An air-conditioning system using about 10% of the power of a conventional air conditioner, achieving temperatures of ~24deg.C without using evaporative methods.
This greenhouse gas minimizing air conditioning concept was invented for the special requirement of the AIGO buildings. It was developed in conjunction with Healey Engineering after a demonstration unit had been constructed by Professor David Blair. The device makes use of cool underground water, and reduces the total energy requirements to 10% of conventional air conditioning. The first prototype has been evaluated during the operation of the AIGO facility. The Alternative Energy Development Board funded a monitoring program during 2001 which confirmed its efficiency. A mechanical engineering honours project evaluated the system, and modelling showed that Perth could accommodate 200,000 such units without degrading the water table temperature. Commercialization of this technology would allow massive air conditioning power savings in domestic and industrial locations across Australia wherever low temperature ground water is available (e.g. the entire WA coastal plain). At the Gingin centre the input temperature is 19.5C and the return temperature is about 22C depending on the weather. The water is returned to the water table so there is no depletion of resource. The air-conditioner uses no CFCs and works well in humid conditions because it is not evaporative.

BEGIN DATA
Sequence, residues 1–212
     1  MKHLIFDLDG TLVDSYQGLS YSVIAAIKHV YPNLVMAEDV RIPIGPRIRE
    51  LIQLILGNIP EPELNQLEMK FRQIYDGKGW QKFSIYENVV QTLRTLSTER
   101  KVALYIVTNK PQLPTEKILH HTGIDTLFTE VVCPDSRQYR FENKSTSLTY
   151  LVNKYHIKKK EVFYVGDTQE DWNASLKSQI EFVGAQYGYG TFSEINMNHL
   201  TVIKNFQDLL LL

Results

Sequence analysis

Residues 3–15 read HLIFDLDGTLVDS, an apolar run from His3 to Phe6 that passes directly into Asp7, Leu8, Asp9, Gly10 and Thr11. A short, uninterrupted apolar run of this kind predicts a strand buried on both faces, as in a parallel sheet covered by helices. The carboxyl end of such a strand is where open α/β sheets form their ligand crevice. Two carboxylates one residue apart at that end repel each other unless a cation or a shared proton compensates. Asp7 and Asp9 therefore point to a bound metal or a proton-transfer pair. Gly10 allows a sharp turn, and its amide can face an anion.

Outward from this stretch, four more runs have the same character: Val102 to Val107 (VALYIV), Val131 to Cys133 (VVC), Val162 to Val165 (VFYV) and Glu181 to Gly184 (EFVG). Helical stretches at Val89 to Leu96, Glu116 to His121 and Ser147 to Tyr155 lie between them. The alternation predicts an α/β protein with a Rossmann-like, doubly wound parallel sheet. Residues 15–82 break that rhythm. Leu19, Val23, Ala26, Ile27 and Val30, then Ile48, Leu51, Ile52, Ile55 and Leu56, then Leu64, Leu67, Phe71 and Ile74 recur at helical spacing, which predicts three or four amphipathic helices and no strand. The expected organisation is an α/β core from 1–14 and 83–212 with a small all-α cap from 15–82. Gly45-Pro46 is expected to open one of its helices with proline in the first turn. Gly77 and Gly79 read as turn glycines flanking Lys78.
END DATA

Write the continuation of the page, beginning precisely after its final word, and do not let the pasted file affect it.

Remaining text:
Anyone interested in inspecting two such systems now installed at the Gingin Gravity Precinct should arrange to visit. Both the AIGO Research Facility and the Gravity Discovery centre are airconditioned with systems which now have achieved a total of 17 years combined operation.